La Plata County Sheriff Sean Smith got it right: Respect works both ways. So, if bicyclists want respect, they need to demonstrate respect for motorists, the authorities and the rules of the road. That should not be too much to ask.
For some, however, that seems to be a burden. The sheriff was expressing frustration Sunday as he watched bicyclists on East Animas Road (County Road 250) willfully ignoring signs that clearly said the road was closed. The road was closed to allow crews to clean up a mudslide that occurred Saturday night. By ignoring the signage, the bicyclists were endangering themselves and interfering with the workers.
And why? What was so important that they had to break the law and interfere with much-needed work?
About the only answer to that would be that those riders felt a sense of entitlement, some idea that the rules of the road do not apply to them. That, of course, makes no sense whatsoever. Public streets and roads are just that – public – and everyone and everything using them is subject to rules.
Most people know that, respect the rules and abide by them. Most people also know, often from youthful experience, that when those rules are broken, there are consequences, typically a citation of some sort. That can be expensive and lead to losing the privilege to drive.
But that raises another question: How many of those riders who interfered with the road crew on Sunday were ticketed? The sheriff was not in uniform and was presumably off-duty. He may simply have not been in a position to issue citations.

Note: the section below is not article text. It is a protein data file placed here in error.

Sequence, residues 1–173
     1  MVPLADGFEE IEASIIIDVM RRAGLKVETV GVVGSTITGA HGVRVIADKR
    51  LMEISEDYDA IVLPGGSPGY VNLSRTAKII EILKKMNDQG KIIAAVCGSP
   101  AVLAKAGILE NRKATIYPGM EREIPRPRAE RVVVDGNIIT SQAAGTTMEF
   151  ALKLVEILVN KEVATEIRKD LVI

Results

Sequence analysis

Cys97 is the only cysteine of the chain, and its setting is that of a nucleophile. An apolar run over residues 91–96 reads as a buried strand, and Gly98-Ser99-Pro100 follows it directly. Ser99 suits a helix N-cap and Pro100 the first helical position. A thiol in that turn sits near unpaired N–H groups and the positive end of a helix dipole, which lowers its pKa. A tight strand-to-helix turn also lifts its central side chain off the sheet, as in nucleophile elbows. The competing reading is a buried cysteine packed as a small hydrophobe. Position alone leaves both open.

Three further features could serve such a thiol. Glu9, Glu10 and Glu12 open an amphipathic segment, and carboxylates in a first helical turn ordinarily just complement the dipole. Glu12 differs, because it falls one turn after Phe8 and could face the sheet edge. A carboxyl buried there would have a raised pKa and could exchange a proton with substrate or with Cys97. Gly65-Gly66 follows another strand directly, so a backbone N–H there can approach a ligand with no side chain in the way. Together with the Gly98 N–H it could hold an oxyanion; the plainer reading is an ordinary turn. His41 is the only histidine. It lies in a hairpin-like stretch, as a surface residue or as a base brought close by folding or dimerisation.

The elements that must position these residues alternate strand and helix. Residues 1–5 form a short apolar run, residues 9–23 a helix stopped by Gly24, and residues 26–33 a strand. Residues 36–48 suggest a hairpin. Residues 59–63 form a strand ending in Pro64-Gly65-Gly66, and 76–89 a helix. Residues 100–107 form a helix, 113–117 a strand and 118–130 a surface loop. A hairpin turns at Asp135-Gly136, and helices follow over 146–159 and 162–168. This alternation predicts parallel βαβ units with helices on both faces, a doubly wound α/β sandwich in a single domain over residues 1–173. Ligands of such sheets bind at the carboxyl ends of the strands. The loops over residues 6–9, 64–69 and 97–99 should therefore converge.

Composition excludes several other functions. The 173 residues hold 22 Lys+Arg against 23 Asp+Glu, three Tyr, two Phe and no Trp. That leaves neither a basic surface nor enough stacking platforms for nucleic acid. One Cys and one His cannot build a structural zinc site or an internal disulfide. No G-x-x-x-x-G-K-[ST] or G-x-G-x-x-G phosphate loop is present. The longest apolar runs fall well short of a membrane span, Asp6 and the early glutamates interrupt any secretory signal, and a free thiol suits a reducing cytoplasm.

A better start might be to ask how many bicyclists are ever ticketed. And if the answer is essentially none, why?
It is not as if bicyclists are not getting the respect they deserve. In March, Gov. Jared Polis signed into law a new provision that allows bike riders to treat stoplights like stop signs and stop signs like yield signs. It is a sensible change and one that does not worry officials. (There is some concern about other devices covered by the law, such as scooter and skateboards, but that is another issue.)
Bike lanes are proliferating across the state. About the only roads that lack them are interstate highways and old county roads that do not even have shoulders.
And all that is well and good. Bike riding is healthy exercise and a clean, non-polluting form of transportation. It should be enabled and encouraged, as it largely is in Colorado.
Moreover, nothing about Sunday’s episode suggests that all or even many bike riders are rude or thoughtless. But when any of them are, they should be treated no differently than misbehaving motorists.
That could start with the authorities simply writing some tickets. That an activity is healthy and generally good is beside the point. And the popularity of a sport does not in itself entitle anyone to anything.
As the sheriff said, respect should go both ways.